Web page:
The turning of a skateboard is typically handled by the trucks. But not all trucks are the same and work the same way. They all turn yes, but some do it in different ways.

You can learn more about skateboard trucks here.

Get high-quality trucks

Not all trucks are the same. Some trucks are made cheaply through the inaccurate casting process. They may not have the right geometry and their components may not fit right with each other. This leads to their turn not feeling perfectly smooth and consistent.
Finally, the impreciseness of cheap trucks is also the main reason a ton of people get wobbles as they start going faster.

paris savant trucks

You should aim to get a skateboard that has trucks from brands like Paris trucks, Caliber truck co, Bear trucks, Atlast trucks, Rogue trucks, Ronin trucks, Gullwing, Randal, Sabre, Bolzen, and Arsenal trucks. Trucks from these mentioned brands would work well and feel good.

Check out my review of every truck in the Paris trucks line-up here.

Make sure it has RKP trucks

There are two main types of skateboard trucks – reverse kingpin (rkp) trucks and traditional kingpin trucks. The trucks work very similarly, but rkp trucks tend to be smoother turning and easier to control. They also have a much better turning and lean more and deeper.

That said, TKP trucks are good enough, especially if that is what is available to you.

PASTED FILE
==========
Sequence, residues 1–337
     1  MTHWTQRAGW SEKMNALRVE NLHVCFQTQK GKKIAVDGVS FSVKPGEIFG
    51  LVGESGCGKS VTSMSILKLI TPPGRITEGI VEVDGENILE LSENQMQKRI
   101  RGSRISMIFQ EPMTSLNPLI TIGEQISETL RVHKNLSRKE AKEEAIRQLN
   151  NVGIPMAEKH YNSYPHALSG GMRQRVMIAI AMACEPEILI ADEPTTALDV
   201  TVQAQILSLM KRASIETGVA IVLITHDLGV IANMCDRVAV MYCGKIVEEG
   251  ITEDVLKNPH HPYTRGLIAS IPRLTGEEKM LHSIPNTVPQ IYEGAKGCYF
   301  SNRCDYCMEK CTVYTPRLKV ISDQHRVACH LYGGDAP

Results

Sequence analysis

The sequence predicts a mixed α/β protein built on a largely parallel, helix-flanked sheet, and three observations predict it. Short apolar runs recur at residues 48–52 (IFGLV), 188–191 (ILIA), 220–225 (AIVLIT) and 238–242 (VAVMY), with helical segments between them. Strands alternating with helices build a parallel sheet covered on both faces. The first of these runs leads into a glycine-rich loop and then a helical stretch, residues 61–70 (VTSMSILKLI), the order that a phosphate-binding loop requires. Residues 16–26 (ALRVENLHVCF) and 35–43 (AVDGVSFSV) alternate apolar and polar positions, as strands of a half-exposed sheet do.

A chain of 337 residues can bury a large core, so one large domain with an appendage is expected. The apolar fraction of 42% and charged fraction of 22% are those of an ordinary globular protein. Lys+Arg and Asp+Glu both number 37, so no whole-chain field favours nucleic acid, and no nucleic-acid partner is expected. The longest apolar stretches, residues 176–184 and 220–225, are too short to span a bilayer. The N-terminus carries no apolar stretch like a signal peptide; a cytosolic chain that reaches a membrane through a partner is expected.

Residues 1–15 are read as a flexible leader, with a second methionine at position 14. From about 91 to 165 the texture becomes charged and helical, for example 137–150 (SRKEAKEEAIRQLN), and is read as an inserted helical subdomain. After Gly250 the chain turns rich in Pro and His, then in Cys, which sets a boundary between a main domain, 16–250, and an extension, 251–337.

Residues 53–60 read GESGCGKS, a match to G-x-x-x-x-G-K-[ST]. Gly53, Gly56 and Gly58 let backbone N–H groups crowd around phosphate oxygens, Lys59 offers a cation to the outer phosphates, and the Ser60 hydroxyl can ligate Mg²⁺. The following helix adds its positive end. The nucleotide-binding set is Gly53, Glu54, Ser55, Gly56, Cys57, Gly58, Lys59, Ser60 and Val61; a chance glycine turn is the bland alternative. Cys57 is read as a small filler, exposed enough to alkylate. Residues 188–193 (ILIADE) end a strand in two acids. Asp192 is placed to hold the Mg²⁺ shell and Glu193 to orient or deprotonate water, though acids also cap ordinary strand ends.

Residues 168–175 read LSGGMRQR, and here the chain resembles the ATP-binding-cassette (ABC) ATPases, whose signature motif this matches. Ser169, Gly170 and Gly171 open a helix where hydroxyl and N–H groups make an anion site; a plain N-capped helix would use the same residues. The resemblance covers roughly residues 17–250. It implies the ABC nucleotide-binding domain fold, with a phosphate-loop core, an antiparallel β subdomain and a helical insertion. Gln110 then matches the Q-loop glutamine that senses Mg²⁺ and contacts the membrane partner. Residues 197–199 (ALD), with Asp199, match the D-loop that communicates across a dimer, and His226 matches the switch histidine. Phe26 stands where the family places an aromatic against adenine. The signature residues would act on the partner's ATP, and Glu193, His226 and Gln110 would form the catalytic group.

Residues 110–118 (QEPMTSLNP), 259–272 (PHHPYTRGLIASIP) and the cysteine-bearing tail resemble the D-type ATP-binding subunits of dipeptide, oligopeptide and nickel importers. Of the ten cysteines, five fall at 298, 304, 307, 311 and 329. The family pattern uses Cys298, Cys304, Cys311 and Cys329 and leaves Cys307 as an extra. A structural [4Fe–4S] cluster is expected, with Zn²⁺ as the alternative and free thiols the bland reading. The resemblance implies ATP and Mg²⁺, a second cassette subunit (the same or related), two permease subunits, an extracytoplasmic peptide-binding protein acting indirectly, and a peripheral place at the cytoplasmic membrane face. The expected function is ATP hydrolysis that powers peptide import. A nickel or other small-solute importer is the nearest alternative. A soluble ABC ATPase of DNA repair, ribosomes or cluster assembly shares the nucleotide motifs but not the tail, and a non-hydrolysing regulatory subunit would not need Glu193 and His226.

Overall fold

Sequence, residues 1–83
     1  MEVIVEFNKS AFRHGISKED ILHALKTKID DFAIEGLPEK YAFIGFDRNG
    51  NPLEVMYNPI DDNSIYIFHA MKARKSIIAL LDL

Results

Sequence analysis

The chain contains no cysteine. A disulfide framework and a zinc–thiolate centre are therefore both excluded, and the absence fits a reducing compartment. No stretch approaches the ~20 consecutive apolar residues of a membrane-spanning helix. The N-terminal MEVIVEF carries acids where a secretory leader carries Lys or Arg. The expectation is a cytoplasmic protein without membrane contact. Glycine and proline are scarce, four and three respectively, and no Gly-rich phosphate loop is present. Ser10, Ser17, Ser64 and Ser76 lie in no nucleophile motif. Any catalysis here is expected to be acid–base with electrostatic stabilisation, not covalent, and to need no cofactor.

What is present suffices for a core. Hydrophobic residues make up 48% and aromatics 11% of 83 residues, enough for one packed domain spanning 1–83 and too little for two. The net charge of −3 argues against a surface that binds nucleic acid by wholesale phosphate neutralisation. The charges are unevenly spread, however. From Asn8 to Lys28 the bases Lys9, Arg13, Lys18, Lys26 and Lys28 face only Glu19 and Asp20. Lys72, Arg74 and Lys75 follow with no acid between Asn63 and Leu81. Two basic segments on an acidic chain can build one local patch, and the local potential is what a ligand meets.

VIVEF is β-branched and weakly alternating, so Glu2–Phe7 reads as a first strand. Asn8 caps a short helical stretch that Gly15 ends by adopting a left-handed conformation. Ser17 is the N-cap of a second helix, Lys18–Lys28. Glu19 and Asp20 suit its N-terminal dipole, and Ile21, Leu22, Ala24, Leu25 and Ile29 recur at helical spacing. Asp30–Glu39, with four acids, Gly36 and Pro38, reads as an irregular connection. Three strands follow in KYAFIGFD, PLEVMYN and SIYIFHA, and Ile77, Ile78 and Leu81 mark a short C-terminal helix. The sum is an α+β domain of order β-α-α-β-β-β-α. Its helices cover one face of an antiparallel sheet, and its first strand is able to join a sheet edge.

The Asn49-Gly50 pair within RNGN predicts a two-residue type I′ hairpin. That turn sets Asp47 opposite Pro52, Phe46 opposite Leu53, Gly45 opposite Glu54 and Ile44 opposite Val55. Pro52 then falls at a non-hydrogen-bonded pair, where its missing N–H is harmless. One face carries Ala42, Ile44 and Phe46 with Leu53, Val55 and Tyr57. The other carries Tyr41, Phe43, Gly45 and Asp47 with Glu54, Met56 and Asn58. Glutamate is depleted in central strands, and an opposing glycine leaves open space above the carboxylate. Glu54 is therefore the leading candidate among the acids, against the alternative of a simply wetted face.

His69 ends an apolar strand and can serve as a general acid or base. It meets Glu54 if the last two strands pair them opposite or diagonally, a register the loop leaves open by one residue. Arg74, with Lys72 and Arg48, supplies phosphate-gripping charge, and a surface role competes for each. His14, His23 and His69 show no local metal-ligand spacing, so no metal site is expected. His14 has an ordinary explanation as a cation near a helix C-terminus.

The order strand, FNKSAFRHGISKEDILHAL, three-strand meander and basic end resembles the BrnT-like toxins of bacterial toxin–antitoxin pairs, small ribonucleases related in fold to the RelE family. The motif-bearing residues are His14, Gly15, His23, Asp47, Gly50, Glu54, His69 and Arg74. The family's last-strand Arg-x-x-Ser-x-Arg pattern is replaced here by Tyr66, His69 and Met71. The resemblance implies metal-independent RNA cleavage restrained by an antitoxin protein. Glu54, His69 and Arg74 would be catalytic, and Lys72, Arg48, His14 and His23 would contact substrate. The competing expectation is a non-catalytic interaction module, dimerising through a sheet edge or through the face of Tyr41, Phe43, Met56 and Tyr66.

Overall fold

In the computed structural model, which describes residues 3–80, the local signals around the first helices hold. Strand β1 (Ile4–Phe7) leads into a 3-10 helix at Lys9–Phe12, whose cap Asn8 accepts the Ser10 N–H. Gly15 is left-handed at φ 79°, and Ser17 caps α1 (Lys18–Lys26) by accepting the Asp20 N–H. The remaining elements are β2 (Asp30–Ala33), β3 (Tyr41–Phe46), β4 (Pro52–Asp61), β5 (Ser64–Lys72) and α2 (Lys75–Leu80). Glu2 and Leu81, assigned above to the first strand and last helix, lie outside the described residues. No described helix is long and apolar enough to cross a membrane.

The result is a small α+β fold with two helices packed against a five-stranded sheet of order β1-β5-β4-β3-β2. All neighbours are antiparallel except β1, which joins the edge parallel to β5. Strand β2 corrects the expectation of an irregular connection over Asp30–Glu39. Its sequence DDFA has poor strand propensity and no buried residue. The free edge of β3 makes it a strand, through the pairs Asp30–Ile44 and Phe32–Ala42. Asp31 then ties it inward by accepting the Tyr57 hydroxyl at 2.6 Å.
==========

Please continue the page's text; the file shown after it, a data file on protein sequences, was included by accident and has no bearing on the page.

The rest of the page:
Decent bushings and pivot

High-quality trucks like the Paris v3 trucks come with decent pivots and bushings. These are essentially the ‘suspension’ of your truck. Higher quality bushings and pivots allow your truck to turn in a smooth, consistent way. Simply allowing it feel more controllable and precise.

Best longboards for cruising reviewed

In general, all the longboards below are beginner-friendly. Any beginner can step on to them and feel confident about riding them.

**I’ve purposely not picked any China or “cheap”, “budget” brands. These brands do make skateboards, yes, but more often than not the standard and quality of their product are far below that of proper brands. And they produce cheap decks that break, trucks that don’t feel good, and wheels that roll too slowly.

For a proper riding experience, the name brands I’ve mentioned below are the way to go.

If you’re looking for the best North-American Longboard brands, check out my article on them here.

The highest quality option – The Comet Cruiser review

In the world of longboarding, if an Arbor complete is a Honda Civic, the Comet Cruiser is a high-end sports car, fine tuned with no expense spared to make it perfect. Yes, this isn’t your run of the mill cruiser.

Comet cruiser underside

The Comet Cruiser is arguably the most popular cruiser amongst pro longboarders – and thats something. It’s not common for a wide group of people, known to customize every aspect of their gear to have a majority agreement on something. This board gets a lot of things right …

The Comet Cruiser comes in at 34 inches in length and 7.87 inches in width.  It has a wide 20.25inch wheelbase and a kicktail. The kicktail comes with a UHMW tail guard. For the wheels and trucks, the cruiser uses wedged and dewedged 108mm Paris trucks, and Powell Peralta Snakes for the wheels. Finally, it has a Zealous bearings and after market Venom SHR bushings inside the trucks.